If, through no fault of your own, you are walking along a sidewalk and you trip on two uneven sidewalk slabs, who should be responsible for those injuries?
The uneven sidewalk issue is very common among lawsuit questions in Illinois. The first inquiry is, who is the person or entity in control or owns the sidewalk? If It is a city, county, municipality, or state, it is a much more difficult case than if it is a private owner that controls or owns the sidewalk. If it is a city sidewalk, they generally have something known in the law as tort immunity. Tort immunity recognizes that cities have a lot of responsibilities throughout their regular operations.
Looking out at every inch of road, pavement, and sidewalk is too difficult a chore. To overcome tort immunity, the city needs to have had notice of the defect in the sidewalk. If you are injured on a city sidewalk, you want to show that they had notice of the defect. When it comes to an uneven sidewalk, it all depends on how uneven the sidewalk is. If the sidewalk is uneven by an inch or two inches, the law may not agree that is so uneven as to create liability – even with notice.
If it was over two inches, then you have a better chance to succeed in making a claim for your injuries against the city – again if the city had notice. Now, it is easier to succeed in a claim versus a private owner. A private owner has a more heightened responsibility to maintain their property than a city, and the private owner does not have the defense of tort immunity. So, in private ownership, it needs to be shown that the private owner failed to either properly warn people of the uneven sidewalk, or failed to take remedial measures to correct the problem. Then you could make the private owner liable in this particular example.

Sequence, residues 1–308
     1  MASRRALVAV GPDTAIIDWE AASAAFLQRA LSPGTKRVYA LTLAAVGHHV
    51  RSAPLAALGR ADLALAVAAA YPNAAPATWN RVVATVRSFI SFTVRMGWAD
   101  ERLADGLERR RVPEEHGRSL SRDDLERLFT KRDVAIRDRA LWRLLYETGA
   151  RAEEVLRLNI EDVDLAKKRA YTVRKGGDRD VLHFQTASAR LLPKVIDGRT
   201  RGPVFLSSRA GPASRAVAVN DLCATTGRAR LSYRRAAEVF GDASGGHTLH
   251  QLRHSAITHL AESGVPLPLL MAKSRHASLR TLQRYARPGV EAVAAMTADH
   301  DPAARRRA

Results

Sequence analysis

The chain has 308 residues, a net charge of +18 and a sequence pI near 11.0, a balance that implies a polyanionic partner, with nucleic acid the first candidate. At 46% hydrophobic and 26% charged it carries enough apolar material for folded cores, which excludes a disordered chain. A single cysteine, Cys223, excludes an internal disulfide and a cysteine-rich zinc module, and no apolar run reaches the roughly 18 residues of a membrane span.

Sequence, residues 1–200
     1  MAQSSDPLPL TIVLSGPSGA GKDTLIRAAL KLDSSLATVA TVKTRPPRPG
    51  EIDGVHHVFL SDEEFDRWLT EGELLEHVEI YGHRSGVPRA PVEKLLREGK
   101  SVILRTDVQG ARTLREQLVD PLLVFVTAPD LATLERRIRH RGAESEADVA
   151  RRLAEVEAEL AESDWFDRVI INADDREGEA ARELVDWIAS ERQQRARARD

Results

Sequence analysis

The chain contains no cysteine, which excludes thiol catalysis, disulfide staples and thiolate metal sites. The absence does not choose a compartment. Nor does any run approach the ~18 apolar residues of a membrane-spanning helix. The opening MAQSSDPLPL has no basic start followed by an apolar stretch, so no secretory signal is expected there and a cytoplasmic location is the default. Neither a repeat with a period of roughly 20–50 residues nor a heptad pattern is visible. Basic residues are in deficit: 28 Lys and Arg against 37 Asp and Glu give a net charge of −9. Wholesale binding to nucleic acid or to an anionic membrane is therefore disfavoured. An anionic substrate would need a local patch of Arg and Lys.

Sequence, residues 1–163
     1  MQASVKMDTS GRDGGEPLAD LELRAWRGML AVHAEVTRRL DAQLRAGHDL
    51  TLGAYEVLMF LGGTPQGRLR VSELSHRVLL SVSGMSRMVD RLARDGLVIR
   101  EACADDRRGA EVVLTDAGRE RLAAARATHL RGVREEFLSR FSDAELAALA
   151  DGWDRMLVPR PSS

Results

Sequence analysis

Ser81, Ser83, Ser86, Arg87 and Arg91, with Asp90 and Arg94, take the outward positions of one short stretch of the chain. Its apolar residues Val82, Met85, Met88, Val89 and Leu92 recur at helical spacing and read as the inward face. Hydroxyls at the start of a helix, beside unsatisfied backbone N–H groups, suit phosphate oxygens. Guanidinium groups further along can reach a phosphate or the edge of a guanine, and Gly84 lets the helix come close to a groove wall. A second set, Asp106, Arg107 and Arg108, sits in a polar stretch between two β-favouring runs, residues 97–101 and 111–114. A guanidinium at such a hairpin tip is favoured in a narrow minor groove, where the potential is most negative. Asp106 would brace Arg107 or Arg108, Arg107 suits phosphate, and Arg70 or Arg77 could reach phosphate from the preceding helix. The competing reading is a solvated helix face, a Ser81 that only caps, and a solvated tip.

If someone signs a gym waiver, can they still file a claim for injuries they sustain at a gym?
Gym waivers are tough. The first level of inquiry is, what is the language of the waiver that was signed? Let’s assume it’s the best-drafted waiver in favor of the gym facility. You need to work to see if the injury that occurred could have been prevented. If you have a person that’s injured using a particular machine and let’s say that person’s a new member, and the gym failed to train or demonstrate to that person how to properly use the machine, then the fact that they signed a waiver might help the injured member prove liability for the injury.
Or you have situations where the machine may be maintained poorly. A person goes over to the machine, sticks a pin in the weight rack, and the cable breaks, and they are seriously injured. One of the levels of inquiry would be the maintenance records. If we can establish that a member had reported the machine as defective to the front desk, and a day goes by and the front desk didn’t notify management, or management didn’t take any action to correct the problem, then you can possibly get around the waiver.
Those are the two easy examples to discuss. There are some other examples like if someone signs a waiver for their family, a mom signs yet her kid comes into the gym and is injured, it’s difficult to establish liability.
When staying at a hotel, does the hotel have any liability for monitoring the use of their on-site gym or their sauna?